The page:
Music … it is the soundtrack to the scrapbook that is life. Some may even argue that music is life. However, some people believe that most of today’s “music” is not appropriate for a worship setting. The Bible itself says that “David danced,” but what genre was he listening to? Maybe it was rock music. If he was alive today, some people might consider him to be a heathen. Although he wasn’t perfect, David was highly favored by God. Did God really care how David praised Him? Are we as Christians supposed to be ridiculing other people’s style of worship?

According to Psalm 150:1-5 there are various ways that we can praise the Lord through music. The Bible says: “Praise the LORD. Praise God in his sanctuary; praise him in his mighty heavens. Praise him for his acts of power; praise him for his surpassing greatness. Praise him with the sounding of the trumpet, praise him with the harp and lyre, praise him with timbrel and dancing, praise him with the strings and pipe, praise him with the clash of cymbals, praise him with resounding cymbals.”*

While many other verses can be interpreted several ways, this one seems pretty straightforward. Music is a gift from God to God; in other words, God gives us music in order to worship Him. It is a device in which we “the created” can give praise to the Almighty and tell others about “the wonder of His works.”

One size does not fit all

It is my personal belief that life and art are simultaneous; one cannot and does not exist without the other. This particular philosophy has led me to believe that life is a series of moments, “scenes,” and each of us is performing to our own soundtrack. Music is subjective. It is also very personal. So no form of music is really going to resonate with everyone.

As it pertains to the sermon itself, the pastor is no different from the praise team. They are all giving a performance, telling a story, and hoping that it reaches their audience. For example, sometimes we leave church feeling like the sermon was “tailor-made” for us, and other times we feel like the message has no bearing on our life at all. Musicians have a divine calling from God, no different from that of a pastor or a teacher. We all have an audience, a story, and a message, but the artform of music is unparalleled because its reach surpasses lifetimes.

Music allows people to share their own perspectives in pursuit of reaching those with similar views. Col. 3:16 states, “Let the message of Christ dwell among you richly as you teach and admonish one another with all wisdom through psalms, hymns, and songs from the Spirit, singing to God with gratitude in your hearts.”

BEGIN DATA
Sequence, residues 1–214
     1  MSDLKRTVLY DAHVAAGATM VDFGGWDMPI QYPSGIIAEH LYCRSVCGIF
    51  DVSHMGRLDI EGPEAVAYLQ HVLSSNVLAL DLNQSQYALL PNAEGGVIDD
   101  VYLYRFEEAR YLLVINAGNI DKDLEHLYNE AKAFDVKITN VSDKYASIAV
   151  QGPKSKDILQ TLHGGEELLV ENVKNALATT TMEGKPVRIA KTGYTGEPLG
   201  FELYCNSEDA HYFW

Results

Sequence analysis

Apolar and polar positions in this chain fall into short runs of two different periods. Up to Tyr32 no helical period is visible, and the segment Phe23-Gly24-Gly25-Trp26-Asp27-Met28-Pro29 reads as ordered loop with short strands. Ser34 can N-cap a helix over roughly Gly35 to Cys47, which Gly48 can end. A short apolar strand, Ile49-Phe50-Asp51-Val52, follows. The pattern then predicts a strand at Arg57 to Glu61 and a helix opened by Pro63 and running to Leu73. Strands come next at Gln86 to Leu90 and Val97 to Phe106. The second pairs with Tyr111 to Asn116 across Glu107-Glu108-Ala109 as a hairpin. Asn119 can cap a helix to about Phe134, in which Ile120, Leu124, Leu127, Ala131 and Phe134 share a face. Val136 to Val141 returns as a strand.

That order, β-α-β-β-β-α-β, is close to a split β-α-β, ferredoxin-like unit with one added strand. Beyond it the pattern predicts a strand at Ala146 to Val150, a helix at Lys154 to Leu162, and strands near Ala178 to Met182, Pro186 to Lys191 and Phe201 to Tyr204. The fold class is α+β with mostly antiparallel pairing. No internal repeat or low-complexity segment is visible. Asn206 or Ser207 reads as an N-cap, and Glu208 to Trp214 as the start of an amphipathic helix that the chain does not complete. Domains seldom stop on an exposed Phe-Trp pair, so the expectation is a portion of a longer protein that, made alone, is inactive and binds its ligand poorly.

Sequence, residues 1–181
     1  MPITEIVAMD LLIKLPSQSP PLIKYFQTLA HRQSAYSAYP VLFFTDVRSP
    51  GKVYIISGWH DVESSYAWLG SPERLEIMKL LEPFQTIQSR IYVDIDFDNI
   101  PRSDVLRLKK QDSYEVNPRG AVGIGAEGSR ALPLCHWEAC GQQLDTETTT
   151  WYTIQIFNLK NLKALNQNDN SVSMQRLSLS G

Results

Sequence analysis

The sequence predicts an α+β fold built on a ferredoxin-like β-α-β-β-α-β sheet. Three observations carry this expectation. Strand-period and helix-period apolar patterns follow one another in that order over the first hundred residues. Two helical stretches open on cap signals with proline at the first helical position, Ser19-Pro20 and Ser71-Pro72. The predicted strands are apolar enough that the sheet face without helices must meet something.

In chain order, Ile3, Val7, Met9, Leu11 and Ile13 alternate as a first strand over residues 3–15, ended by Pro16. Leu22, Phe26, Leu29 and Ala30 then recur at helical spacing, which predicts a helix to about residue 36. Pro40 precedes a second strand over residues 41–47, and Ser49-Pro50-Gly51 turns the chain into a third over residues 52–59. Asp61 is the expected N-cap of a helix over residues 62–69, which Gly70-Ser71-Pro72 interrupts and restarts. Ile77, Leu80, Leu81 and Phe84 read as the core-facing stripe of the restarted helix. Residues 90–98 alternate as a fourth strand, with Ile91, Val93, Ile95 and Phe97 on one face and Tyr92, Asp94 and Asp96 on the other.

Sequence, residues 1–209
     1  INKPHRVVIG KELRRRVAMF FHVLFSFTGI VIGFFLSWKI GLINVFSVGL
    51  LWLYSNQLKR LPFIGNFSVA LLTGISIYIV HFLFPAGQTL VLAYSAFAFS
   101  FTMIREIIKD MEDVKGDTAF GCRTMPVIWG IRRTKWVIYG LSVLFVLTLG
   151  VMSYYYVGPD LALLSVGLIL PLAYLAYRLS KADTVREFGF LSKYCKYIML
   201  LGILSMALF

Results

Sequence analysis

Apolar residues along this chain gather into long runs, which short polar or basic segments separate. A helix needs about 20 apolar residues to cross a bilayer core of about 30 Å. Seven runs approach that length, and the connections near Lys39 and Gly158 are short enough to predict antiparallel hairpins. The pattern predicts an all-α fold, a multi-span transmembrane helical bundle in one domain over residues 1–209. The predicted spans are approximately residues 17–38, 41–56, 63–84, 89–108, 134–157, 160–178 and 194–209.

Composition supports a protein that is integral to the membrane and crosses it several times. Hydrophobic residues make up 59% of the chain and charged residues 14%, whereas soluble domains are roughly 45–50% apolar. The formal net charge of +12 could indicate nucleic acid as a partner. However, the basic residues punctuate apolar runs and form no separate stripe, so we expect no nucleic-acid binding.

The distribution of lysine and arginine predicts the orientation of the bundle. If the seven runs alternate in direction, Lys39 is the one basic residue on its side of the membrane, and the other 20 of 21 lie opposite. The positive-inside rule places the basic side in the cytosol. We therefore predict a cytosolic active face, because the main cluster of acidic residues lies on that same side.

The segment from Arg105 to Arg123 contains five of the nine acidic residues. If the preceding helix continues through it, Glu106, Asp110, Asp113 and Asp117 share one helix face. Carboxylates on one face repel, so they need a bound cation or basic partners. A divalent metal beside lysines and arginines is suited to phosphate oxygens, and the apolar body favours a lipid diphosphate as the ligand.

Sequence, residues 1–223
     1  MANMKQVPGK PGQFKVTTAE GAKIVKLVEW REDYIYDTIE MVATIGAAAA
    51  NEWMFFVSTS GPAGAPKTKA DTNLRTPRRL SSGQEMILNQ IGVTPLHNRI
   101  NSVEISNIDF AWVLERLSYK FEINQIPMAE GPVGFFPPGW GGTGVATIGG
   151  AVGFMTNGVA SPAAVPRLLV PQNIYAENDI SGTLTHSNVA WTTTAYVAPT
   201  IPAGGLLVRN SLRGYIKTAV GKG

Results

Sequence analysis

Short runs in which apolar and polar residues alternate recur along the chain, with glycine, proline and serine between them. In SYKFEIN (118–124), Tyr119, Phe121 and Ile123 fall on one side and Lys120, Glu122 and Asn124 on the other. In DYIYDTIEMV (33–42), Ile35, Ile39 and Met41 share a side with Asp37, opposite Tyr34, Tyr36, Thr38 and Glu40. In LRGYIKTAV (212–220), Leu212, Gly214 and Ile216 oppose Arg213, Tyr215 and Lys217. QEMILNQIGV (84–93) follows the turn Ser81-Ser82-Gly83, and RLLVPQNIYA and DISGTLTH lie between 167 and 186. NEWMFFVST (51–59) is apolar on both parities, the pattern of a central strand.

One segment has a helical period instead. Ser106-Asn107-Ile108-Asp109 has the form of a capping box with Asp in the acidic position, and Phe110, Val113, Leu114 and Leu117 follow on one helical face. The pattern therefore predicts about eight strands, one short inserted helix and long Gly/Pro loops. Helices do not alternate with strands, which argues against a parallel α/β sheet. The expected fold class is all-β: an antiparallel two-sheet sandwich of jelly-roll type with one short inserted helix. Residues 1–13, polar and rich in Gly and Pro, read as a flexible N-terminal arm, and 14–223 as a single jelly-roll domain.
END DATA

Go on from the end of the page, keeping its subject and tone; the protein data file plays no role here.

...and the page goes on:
Ultimately, God does not put restrictions or limitations on our praise and worship experience—we do. It is clear that Scripture tells us to make Him the focus of all things, and when we do that, someone will be touched. However, when we criticize people without knowing their intentions, we often fall victim to the devil’s trap.

Your brother’s keeper

In seventh grade I had an English teacher named Mrs. Warren. She is one of the people who molded me into the man that I am today. Aside from the fact that she was an outstanding teacher, she was an even greater human being because she taught us about love. Every morning as I sat with the other boys for homeroom worship, she’d utter five simple words: “Be your brother’s keeper today.”

Jesus Christ is the personification of love; He embodied what it means to be a brother. He showed us that the Christian walk is a marathon, but no one can tell us at what pace to run. Jesus did not force anyone to follow Him—He simply was, is, and forever will be. Just like music.  


* All Bible texts are from the New International Version.

Yanni Outerbridge is a junior communication major at Union College. He is also a musician with a forthcoming album entitled The Saddest Man on Earth. His home is in Somerset, Bermuda.



 Conflict Among Allies

Friendly advice for seeing the light when you disagree about church

Jean Etienne Ramos is an elder at College View Church in Lincoln, Nebraska. He is also a leader in Campus Ministries at Union College. In these roles, he has encountered numerous difficult conversations among Christians. Recently, we sat down to talk about the challenges that face us.

How do you personally deal with conflict?

 I try to avoid conflict. If I see people arguing, I try to mediate the situation.

What are some prevalent issues in the Adventist church today?

I feel there is a huge divide between the youth and the elderly.

 Can you elaborate?

The church is an institution; it is very structured. Most young people I know aren’t fond of the way the church is set up right now.

How can we resolve this issue?

We need to realize that this is our church; we need to take ownership of the things we don’t like. The Israelites worked in darkness, but God gave them a pillar of fire. While things might seem dark right now for youth in the church, God will help us see the light.